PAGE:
It’s cannibalism. How we regard black women runs so much deeper than the nearest black woman we can cite to justify how we represent our own beliefs about our beliefs. How we regard black women runs deeper than blood.

We improve how we see black women by truly seeing and appreciating the role black women have had in advancing our culture. We improve this when we can finally appreciate the obvious strength and power that black women have, and the sacrifices/challenges they endure on every tier of society. We improve on how we see black women, when we stop trying to control what black women are and what black women can be. We improve on how we see black women when we stop using femininity as a slur or something to be ashamed of. We need to listen to voices in our community (honestly Black Twitter is filled with brilliant female thinkers, but you should prolly read a few books homie).

I’ve seen a number of movies and TV shows and read books that treat black women as people, but honestly, we need to think about how black women are portrayed in a macro sense and think about what we see. It’s a narrative of control where black women are fetishized & commodified (Robert Crumb, Miley Cyrus, Iggy, WW who get surgery to have “black asses”‘ etc.), black women are told they must appear a certain way (everyone wants to control how a black woman’s hair “should be”, black women are held to bullshit European beauty standards, 12 Years A Slave – WW vs. BW), and (although there’s MUCH more shit for me to cite) stories of black women that need our attention in the news are covered very little. The last one hurts me because it’s obvious what the problem is when a pregnant black woman getting assaulted by the cops isn’t a nationally covered problem. The problem is that as a culture we are not listening to black female voices. We aren’t valuing their voice enough, when black women are not as easily afforded the opportunity to think only of themselves–they think about everyone.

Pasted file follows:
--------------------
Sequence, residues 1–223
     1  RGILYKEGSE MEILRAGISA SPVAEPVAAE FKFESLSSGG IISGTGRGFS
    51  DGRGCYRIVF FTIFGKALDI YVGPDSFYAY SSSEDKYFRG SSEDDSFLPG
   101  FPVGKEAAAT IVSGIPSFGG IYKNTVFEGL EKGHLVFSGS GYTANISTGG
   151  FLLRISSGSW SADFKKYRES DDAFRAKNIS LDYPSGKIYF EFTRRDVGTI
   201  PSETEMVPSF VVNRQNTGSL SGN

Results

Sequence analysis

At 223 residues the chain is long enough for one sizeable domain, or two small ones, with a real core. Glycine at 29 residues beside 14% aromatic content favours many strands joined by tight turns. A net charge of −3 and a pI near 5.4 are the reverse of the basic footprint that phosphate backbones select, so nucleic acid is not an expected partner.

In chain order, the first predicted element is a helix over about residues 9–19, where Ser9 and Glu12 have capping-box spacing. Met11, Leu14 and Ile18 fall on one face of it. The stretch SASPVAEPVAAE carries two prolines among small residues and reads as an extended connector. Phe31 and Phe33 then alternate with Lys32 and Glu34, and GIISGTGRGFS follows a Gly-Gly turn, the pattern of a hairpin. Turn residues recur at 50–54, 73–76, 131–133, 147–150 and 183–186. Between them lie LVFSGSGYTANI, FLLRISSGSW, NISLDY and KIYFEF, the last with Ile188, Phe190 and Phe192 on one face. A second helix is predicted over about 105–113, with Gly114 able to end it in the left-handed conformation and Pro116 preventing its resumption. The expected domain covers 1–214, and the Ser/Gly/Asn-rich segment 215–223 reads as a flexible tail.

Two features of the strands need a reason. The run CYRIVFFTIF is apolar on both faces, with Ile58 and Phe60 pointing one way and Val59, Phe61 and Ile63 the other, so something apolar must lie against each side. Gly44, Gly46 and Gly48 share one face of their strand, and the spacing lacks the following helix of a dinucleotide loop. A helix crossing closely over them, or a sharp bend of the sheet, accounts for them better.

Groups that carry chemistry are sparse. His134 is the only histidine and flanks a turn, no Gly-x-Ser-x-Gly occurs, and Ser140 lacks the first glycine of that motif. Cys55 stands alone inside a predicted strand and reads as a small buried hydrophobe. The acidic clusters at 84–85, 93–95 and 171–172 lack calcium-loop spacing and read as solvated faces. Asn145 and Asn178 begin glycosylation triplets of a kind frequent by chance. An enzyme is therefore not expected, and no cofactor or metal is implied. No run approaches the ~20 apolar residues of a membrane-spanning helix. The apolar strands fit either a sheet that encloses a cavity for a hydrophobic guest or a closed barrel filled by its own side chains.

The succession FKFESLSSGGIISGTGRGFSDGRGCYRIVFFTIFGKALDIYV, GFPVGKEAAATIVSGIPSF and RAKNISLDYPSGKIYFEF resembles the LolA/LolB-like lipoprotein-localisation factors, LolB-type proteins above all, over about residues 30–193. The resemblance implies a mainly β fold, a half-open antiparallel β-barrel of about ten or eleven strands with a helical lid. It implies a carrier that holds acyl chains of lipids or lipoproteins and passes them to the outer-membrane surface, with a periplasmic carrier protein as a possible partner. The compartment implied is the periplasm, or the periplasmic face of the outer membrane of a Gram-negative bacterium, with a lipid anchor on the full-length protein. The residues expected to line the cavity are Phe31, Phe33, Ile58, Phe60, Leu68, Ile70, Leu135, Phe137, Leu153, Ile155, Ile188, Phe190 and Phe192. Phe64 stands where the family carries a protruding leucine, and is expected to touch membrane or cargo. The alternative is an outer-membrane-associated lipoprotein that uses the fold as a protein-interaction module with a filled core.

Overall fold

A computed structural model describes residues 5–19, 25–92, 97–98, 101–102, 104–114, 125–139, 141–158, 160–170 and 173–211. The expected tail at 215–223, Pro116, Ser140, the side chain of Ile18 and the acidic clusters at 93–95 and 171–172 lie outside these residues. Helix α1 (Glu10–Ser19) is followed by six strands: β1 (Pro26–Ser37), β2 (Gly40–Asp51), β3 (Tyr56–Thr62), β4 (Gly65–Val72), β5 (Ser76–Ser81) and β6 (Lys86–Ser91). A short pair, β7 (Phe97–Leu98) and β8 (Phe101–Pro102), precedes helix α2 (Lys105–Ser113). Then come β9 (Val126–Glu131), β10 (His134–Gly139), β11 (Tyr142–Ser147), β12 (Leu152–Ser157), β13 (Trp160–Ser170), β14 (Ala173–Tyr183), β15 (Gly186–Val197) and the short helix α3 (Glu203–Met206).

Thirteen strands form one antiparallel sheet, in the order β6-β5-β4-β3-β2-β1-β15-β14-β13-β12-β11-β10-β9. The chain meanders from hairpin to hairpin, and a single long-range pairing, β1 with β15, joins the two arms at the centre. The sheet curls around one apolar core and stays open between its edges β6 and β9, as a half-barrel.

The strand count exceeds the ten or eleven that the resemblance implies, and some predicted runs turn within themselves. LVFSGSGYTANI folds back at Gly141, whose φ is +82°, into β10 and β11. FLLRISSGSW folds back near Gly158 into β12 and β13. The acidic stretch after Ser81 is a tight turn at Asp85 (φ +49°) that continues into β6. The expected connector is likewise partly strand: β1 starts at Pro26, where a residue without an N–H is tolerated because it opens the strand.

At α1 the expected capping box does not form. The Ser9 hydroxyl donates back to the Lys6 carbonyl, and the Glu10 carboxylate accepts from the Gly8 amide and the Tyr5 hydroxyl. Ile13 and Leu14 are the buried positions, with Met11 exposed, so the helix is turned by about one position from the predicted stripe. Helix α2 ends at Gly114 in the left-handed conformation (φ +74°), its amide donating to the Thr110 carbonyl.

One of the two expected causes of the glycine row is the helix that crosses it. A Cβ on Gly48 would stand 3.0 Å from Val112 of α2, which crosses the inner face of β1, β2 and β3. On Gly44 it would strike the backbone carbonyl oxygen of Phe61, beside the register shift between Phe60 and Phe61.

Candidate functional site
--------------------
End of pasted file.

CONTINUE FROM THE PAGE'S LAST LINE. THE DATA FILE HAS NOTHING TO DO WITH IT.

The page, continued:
Note: My friend had a few questions that I didn’t answer, but use your context clues.

I know this was a lot and I answered none of your questions. I think 12 Years A Slave’s, Patsy is a great example of the challenges of black femininity. I don’t think as a man I can say “I understand black womanhood”. It feels a little too much like a pat on the back for what should be a daily challenge to consider the similarities in our struggle as a race and the divide that comes with our gender identities. Understanding is not the endpoint. Understanding is an everyday action. If they want to understand they need to know that its something you do, not something that happens.

Our biggest challenges (whether you are a cisman, or non-Black) will be considering your own experience and speaking to them from what is ostensibly an outsider perspective. Not a tough issue to navigate if you’re bright. But you know as well as I the challenge that comes when a “non-Black woman” in a position of authority teaches black men about the black experience in any permutation. Let them teach each other, and school them if they wile out. I think it’s important for Black men to create their own goals and for educators to help them find the tools to get there independently.

Just my opinion.